Refinement Database

Database on Refinement of Housing, Husbandry, Care, and Use of Animals in Research

This database, created in 2000, is updated every three months with newly published scientific articles, books, and other publications related to improving or safeguarding the welfare of animals used in research.

Links to the full text for publications that appear in open access journals or are published on the AWI website are provided under the abstract.

Tips for using the database:

  • This landing page displays all of the publications in the database.
  • Use the drop-down menus to filter these publications by Animal Type and/or Topic.
  • Clicking on a parent category (e.g., Rodent) will include publications relating to all the items in that category (e.g., Chinchilla, Gerbil, Guinea pig, etc.).
  • You may also add a keyword to further narrow your search.
  • Please note that at this time, only publications dated 2010 or later (with some exceptions) can be filtered by Animal Type and Topic. Most publications older than 2010 can only be searched by keyword. 

This is the 5th volume of selected discussions that took place on the electronic Laboratory Animal Refinement & Enrichment Forum between February 2016 and December 2019. The forum was created in October 2002; it allows...

Over 18 mo, adult female pigtailed macaques (Macaca nemestrina) housed at a breeding facility in Arizona were monitored every 6 mo for alopecia. The study period coincided with the movement of a majority of animals...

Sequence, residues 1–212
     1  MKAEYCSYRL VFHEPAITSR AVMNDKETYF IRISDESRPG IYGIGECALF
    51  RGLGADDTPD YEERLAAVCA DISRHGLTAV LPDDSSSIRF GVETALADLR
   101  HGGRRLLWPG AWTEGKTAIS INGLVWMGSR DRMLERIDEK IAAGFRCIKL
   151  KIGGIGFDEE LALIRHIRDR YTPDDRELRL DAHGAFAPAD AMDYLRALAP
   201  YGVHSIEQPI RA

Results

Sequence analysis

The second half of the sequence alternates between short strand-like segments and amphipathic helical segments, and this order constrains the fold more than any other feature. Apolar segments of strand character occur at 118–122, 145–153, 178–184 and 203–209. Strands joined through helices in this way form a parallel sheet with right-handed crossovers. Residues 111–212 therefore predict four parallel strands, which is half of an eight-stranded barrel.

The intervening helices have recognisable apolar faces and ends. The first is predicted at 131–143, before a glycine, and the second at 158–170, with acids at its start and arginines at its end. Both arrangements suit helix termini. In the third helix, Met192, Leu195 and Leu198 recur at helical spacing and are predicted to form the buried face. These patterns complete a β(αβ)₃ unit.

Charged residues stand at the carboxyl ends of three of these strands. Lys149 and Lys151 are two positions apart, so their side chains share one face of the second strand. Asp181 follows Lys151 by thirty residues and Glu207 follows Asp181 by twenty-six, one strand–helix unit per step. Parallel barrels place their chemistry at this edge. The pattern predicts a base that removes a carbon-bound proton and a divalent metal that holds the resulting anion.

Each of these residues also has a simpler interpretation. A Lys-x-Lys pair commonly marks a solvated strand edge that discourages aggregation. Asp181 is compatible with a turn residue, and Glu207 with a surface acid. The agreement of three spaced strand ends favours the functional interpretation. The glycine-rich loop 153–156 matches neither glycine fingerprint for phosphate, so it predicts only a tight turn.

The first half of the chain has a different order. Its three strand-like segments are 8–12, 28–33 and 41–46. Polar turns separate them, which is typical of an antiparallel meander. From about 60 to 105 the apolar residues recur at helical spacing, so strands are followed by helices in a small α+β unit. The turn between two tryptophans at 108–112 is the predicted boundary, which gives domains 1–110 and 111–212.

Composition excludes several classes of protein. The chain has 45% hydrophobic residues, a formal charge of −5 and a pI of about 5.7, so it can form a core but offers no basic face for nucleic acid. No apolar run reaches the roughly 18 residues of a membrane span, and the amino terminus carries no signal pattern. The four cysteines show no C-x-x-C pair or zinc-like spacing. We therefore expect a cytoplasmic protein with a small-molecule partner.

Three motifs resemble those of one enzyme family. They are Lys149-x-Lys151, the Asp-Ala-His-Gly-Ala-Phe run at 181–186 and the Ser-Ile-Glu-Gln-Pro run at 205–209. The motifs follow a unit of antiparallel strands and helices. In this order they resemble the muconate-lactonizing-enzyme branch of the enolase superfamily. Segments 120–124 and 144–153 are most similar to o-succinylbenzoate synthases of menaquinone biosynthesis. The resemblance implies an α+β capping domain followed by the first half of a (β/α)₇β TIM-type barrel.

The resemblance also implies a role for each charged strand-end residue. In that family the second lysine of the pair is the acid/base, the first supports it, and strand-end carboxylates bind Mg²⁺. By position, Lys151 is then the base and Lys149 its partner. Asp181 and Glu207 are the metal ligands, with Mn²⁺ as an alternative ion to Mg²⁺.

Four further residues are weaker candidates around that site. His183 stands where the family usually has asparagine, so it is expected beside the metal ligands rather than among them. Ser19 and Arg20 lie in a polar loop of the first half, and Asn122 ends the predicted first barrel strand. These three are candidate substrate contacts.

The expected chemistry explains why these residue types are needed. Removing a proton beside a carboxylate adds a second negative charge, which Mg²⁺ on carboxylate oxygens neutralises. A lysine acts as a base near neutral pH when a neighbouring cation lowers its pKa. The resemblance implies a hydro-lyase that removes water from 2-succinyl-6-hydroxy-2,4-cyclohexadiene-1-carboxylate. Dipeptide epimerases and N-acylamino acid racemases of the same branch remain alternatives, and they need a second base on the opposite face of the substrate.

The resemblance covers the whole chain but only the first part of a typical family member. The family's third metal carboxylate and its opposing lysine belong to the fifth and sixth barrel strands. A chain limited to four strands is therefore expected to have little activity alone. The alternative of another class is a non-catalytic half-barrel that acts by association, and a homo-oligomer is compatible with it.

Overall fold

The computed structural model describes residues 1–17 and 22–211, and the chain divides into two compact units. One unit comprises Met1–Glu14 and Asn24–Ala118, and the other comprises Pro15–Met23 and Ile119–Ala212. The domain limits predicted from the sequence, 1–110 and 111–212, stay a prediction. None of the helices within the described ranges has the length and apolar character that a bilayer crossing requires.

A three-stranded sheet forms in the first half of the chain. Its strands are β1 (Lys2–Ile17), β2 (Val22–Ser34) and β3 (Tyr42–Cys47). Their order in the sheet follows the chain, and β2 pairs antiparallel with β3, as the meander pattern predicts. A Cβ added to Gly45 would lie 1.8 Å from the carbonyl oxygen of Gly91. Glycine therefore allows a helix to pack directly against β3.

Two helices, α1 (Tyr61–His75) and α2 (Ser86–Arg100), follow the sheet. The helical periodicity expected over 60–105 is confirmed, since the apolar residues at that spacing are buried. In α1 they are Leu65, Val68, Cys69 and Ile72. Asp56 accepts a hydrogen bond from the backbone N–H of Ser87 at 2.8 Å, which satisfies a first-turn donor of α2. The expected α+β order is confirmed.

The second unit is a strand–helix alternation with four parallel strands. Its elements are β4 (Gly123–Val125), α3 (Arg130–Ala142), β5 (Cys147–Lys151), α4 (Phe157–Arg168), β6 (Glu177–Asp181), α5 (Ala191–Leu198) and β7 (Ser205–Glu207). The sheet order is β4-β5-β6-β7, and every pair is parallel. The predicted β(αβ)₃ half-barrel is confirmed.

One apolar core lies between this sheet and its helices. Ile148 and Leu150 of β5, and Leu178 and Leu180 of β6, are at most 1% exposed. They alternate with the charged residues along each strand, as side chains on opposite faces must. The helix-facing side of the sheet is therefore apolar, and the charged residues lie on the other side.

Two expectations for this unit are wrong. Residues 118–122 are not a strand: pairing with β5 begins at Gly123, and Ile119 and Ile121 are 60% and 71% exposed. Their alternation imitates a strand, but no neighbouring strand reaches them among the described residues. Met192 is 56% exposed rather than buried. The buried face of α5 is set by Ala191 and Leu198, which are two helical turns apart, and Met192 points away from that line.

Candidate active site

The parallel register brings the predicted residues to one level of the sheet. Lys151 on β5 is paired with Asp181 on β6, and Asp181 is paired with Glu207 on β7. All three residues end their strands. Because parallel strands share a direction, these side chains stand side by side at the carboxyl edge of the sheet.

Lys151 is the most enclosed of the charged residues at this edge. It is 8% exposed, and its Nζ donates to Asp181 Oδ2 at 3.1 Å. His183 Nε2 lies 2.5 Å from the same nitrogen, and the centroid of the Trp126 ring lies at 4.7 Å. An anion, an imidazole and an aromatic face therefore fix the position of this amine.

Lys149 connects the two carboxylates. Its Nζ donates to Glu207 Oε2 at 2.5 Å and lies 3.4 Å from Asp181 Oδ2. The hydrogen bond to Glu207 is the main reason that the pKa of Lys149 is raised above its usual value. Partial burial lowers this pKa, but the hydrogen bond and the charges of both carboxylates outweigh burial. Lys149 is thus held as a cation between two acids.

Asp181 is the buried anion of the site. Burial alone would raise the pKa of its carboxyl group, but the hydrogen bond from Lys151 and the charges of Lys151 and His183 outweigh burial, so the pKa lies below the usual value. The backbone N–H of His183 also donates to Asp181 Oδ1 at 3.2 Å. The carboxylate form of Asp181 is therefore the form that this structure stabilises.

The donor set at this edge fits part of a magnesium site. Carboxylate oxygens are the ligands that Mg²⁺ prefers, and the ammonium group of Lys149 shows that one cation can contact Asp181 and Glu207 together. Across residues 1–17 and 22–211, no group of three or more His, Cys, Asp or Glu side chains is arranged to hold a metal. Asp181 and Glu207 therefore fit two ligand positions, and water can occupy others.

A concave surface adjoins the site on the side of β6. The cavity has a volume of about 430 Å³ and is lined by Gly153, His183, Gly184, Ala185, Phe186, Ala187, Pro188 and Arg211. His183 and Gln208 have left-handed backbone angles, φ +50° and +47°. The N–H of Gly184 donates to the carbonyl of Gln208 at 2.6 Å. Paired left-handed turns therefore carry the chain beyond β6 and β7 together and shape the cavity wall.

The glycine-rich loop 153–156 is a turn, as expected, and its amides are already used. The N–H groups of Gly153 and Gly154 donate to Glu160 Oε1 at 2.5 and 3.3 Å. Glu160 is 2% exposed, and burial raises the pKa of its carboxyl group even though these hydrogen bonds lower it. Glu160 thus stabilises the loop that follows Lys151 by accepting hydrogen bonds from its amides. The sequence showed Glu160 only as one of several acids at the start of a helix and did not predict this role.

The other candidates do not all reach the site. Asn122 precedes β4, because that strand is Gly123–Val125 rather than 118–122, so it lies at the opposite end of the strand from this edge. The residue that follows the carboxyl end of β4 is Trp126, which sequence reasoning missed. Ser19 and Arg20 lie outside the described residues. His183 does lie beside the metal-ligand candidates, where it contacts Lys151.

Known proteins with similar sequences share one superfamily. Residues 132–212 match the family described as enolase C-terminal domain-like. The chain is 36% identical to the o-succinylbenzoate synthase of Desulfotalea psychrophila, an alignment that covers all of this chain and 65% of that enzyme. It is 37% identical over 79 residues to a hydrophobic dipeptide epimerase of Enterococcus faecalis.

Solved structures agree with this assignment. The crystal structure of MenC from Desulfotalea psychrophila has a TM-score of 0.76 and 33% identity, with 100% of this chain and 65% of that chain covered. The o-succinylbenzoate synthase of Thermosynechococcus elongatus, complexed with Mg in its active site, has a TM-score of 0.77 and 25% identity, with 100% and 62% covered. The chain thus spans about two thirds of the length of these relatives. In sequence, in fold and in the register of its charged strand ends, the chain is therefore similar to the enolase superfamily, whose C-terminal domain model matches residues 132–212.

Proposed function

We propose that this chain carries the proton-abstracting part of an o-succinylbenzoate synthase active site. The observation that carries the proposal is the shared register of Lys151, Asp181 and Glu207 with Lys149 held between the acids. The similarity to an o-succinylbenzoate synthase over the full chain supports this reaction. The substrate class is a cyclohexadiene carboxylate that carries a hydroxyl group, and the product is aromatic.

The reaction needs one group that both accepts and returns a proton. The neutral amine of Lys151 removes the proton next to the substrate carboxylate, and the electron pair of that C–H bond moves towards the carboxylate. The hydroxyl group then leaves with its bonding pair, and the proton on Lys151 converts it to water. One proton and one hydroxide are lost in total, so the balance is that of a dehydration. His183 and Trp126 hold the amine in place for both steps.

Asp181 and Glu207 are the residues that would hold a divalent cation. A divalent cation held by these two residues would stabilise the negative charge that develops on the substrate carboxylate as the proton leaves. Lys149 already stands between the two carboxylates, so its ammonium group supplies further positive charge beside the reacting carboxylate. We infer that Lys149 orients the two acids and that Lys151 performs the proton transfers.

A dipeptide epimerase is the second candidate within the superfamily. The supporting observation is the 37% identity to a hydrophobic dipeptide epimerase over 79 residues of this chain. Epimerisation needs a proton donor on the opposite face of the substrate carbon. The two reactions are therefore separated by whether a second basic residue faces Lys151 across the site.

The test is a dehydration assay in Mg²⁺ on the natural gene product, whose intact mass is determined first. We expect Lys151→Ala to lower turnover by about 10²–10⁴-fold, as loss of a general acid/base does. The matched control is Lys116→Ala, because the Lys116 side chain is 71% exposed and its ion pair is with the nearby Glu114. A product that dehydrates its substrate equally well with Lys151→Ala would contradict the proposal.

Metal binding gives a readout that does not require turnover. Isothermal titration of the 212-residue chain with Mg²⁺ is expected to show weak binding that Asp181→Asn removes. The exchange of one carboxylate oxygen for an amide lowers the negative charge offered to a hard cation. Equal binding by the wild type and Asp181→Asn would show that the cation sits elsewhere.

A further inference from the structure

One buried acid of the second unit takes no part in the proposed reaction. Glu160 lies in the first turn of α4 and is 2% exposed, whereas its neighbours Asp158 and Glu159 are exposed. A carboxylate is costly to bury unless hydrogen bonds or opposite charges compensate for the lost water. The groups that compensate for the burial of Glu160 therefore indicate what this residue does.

This second edition is fully revised, expanded, and comprehensively updated with the most current knowledge about the full array of mental health issues seen in animals. Written by key opinion leaders, internationally-recognized experts and specialists...

Pacing behaviour, the most frequent stereotypic behaviour displayed by laboratory rhesus macaques (Macaca mulatta) is often used as an indicator of stress. In this study, we investigated how reliable this welfare indicator is at detecting...

Abnormal behavior occurs in a number of captive nonhuman primate species and is often used as an indicator of welfare. However, reported levels of abnormal behavior often vary across species, making general welfare judgments difficult...

Completely updated and revised, and with a new author team, this second edition of Farm Animal Behaviour continues to provide essential information on normal and stereotypic behaviors in a wide variety of farm animals to...

Hair loss is common in macaque colonies. Very little is known about the relationship between psychological stress and hair loss. We initially examined alopecia and hair cortisol concentrations in 198 (89 male) rhesus macaques from...

Self-injurious behavior (SIB) is a pathology observed in both humans and animals. In humans, SIB has been linked to various mental health conditions that are also associated with significant sleep disruption. In rhesus macaques, SIB...

Alopecia is common among captive populations of nonhuman primates. There are many potential causes of alopecia, including physiological conditions such as hormonal imbalance and infection, features of the captive environment such as housing type, ground...

The field of primate behavior management has had only limited success in preventing and treating abnormal behaviors, such as stereotypy and self‐injury, in captive non‐human primates (NHP). In contrast, applied behavior analysts have had great...